Spiritual teachers have told us that life is unfolding in the now and that only the present moment exists. Scientists such as Albert Einstein have confirmed it. We think time is linear, but that’s because we don’t perceive the now. Our minds are constantly shifting from the past (memories) to the future (expectations).
Both of these states of mind are breeding grounds for fear, especially the future. Thoughts of what could happen or what might be, take us down a tricky trail. But these imagined scenarios rarely happen as we think they will — and placing credence in them lets fear take over. What we need to do is bring our attention back to the present moment, and cause fear to subside.
Practice these three strategies to shift into the present and detach from your fears:
Bear Witness to Your Own Thoughts
We are always choosing what thoughts to energize. When random thoughts come in, we either attach to them and take them in one direction or another, or we stay detached from them and choose to let them go. Even when we sleep, there is a higher part of us making decisions. When we start bearing witness to our own thoughts, they lose their potency.
Witnessing our thoughts is a recommended spiritual practice, one commonly referred to as mindfulness. Buddhist monk Thich Nhat Hanh said that “Fear keeps us focused on the past or worried about the future. If we can acknowledge our fear, we can realize that right now we are okay.”
Pay attention to your thoughts. Notice how one thought leads to another and another, until they’ve built a whole chain. You’ll notice that these thoughts are always about something in the past or something you think may happen in the future.
Give Up Your Focus on Time
“The Zone” is that state of mind athletes often talk about in which, in the midst of everything, time seems to stop. We have all experienced that state in which we lose track of time. But most people don’t trust the experience. They don’t see those occasional glimpses into the now as real since they happen so rarely. Or, they believe the only way to experience them is to do something extraordinary, like climb a mountain or run a marathon. The sensation of being purely in the present can be frightening, as well — as it’s so out of our normal range of experiences.
But this is the state where you are your truest self, and in which fear cannot survive. Try to access this state frequently and allow yourself to visit as much as possible. Release yourself from the barriers to this state by centering yourself in the now. Try this exercise: Very slowly look at what is around you. Look at the contours of your hand, and so forth. Be present to how you turn your head when you do these things. Witness yourself taking these actions. What part of you is witnessing this?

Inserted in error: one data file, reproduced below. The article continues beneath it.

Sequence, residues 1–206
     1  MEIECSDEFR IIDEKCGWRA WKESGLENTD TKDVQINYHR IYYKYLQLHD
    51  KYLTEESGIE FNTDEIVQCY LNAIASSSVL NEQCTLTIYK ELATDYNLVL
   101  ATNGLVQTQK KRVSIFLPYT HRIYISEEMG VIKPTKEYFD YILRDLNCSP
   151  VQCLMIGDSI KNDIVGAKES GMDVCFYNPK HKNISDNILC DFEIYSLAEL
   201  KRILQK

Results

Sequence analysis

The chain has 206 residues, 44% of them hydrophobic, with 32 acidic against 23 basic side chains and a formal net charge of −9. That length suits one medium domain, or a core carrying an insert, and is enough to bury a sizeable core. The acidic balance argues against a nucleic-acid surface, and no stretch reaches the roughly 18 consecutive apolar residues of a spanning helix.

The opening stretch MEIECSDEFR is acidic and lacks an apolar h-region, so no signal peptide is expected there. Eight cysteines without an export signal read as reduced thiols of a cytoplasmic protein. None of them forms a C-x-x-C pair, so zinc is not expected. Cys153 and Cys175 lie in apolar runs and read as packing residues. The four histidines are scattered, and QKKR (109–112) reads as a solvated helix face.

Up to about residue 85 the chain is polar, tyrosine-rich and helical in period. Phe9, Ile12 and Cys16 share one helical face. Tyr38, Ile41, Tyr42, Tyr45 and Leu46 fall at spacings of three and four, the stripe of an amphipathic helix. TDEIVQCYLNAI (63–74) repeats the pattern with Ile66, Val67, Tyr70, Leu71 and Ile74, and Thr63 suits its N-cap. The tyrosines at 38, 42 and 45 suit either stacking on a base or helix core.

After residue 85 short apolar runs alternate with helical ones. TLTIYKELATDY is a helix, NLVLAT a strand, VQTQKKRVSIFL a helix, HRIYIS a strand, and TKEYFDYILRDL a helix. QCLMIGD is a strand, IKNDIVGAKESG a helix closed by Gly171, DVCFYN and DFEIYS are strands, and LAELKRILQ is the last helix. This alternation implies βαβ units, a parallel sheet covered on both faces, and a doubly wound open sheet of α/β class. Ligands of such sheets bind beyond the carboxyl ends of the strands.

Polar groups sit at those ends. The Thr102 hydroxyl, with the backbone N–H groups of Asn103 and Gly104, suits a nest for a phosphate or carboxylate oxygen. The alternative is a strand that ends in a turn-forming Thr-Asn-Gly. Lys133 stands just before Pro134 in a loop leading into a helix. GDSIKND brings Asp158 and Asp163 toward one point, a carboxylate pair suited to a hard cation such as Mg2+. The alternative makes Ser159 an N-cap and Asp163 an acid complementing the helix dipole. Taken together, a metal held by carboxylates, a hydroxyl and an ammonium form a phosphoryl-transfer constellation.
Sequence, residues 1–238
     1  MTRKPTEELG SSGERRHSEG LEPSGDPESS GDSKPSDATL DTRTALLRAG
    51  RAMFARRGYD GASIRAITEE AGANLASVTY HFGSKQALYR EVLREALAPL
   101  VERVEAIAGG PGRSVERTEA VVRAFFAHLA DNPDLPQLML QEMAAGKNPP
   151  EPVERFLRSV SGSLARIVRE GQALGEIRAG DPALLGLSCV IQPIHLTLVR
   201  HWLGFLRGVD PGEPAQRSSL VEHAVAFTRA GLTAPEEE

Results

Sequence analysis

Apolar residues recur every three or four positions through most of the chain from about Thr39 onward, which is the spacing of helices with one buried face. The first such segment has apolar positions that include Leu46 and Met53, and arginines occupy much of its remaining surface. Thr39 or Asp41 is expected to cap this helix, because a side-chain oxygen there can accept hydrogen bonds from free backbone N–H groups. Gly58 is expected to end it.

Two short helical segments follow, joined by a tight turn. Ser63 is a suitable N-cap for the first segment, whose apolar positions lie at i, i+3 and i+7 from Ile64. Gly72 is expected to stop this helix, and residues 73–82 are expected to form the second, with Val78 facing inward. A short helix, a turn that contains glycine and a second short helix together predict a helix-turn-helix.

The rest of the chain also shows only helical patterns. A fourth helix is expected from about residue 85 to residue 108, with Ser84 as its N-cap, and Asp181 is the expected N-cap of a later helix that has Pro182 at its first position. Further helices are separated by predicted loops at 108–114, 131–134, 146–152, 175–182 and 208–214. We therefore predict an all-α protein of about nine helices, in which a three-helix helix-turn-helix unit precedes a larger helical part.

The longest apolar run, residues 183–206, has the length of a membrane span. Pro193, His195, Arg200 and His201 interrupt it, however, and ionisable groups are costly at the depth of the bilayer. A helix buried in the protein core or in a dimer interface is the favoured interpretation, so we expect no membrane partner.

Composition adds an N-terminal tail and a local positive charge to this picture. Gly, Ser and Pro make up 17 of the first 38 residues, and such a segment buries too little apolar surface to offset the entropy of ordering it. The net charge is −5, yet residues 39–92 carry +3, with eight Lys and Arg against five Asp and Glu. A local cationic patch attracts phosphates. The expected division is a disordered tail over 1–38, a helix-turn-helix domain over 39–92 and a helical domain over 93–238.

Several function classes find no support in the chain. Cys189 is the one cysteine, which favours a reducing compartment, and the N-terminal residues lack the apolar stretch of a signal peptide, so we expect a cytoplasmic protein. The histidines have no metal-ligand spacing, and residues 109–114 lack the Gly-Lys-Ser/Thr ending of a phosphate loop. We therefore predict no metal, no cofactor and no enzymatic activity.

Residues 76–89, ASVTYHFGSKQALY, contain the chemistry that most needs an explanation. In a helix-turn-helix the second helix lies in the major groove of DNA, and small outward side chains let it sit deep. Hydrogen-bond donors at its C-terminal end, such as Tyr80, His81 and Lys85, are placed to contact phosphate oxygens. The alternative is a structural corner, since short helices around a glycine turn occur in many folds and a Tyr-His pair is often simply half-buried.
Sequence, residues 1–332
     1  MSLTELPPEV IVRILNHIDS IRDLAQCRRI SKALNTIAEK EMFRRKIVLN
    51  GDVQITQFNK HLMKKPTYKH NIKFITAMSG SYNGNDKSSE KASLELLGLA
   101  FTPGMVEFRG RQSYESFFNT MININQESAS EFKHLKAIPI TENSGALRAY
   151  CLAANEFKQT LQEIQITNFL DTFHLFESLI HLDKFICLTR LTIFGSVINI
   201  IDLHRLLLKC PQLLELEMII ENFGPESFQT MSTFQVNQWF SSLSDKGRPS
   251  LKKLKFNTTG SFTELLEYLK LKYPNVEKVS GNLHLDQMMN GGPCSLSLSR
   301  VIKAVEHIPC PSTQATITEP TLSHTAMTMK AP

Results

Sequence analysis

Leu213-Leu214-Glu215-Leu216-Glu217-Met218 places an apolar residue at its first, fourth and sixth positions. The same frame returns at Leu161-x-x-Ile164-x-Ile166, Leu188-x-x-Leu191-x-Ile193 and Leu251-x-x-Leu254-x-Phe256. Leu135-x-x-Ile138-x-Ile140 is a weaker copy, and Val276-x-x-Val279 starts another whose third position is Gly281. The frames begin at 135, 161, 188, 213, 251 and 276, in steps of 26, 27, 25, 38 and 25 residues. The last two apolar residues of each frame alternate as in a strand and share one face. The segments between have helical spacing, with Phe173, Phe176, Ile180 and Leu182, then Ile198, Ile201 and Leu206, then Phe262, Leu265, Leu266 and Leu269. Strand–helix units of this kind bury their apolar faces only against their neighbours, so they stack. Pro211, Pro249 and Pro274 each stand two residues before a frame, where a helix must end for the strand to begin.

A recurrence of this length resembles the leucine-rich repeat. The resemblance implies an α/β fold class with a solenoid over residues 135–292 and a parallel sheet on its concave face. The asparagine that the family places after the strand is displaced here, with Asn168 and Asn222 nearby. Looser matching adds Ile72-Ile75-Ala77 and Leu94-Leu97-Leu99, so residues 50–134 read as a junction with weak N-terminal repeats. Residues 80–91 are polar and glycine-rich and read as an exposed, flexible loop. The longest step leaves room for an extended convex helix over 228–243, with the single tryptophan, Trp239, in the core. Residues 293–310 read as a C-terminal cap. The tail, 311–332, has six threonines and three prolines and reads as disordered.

Center Yourself in Your Heart
Centering in the now also places us in the heart, which is the seat of our consciousness: the electromagnetic field that comes from the heart is 60 times larger than the one that comes from the brain. Carl Jung, the founder of analytical psychology, said, Your vision will become clear only when you can look into your own heart. Who looks outside, dreams; who looks inside, awakens.
Gratitude is the key for getting centered in the heart and the now. Operating from a heart space opens us to greater compassion for ourselves and others and dissipates that sense of fear — as well as blame and judgment. Our most common default is blame, so we have to pay attention to our thoughts and consciously move to a heart awareness. Ask yourself what you want to put into the world, and if this is how you would want to be treated.
Centering in the heart and the now helps us see our problems in a different light. The more we practice this, simply through our growing awareness of it happening, the more it will happen. We are simple reinforcing what is already there versus reinforcing something false. We are focusing on what’s real.
When we center in the heart and the now, and stop reacting unconsciously from fear, we can make incredibly healing choices. We can choose love over fear, compassion over judgment, forgiveness over hatred, and grace over condemnation. All of our decisions will be exponentially more effective and right for us and everyone involved.
As you sit here reading, focusing only on these words, everything is in perfect order. It’s only when you allow your thoughts to stray to the future — as in, “How am I going to find a better job?” or the past, as in “I wish I hadn’t said what I said last night” that fears arise and problems surface. The truth is, you can create an endless number of problems. But if you stay in the now, you are fine.
So be grateful for the simple things, such as the fact that you’re alive, you’re breathing, and you can read these words. Your choice is making room for the joy of the present. In that space, in the now, there’s no room for fear.
Lawrence Doochin is an author, entrepreneur, and devoted husband and father. A survivor of harrowing childhood sexual abuse, he traveled a long journey of emotional and spiritual healing and developed an in-depth understanding of how our beliefs create our reality. In the business world, he has worked for or been associated with enterprises from small startups to multinational corporations. He is the cofounder of HUSO sound therapy, which delivers powerful healing benefits to individual and professionals worldwide. In everything Lawrence does, he strives to serve a higher good. His new book is A Book on Fear: Feeling Safe in a Challenging World. Learn more at lawrencedoochin.com.